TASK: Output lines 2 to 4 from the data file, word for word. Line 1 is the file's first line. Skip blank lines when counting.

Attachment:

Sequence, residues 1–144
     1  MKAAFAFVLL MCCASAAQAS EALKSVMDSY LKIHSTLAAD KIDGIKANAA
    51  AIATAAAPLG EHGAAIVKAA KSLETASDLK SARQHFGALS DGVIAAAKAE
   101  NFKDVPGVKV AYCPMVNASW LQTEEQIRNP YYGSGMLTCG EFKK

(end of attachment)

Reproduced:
     1  MKAAFAFVLL MCCASAAQAS EALKSVMDSY LKIHSTLAAD KIDGIKANAA
    51  AIATAAAPLG EHGAAIVKAA KSLETASDLK SARQHFGALS DGVIAAAKAE
   101  NFKDVPGVKV AYCPMVNASW LQTEEQIRNP YYGSGMLTCG EFKK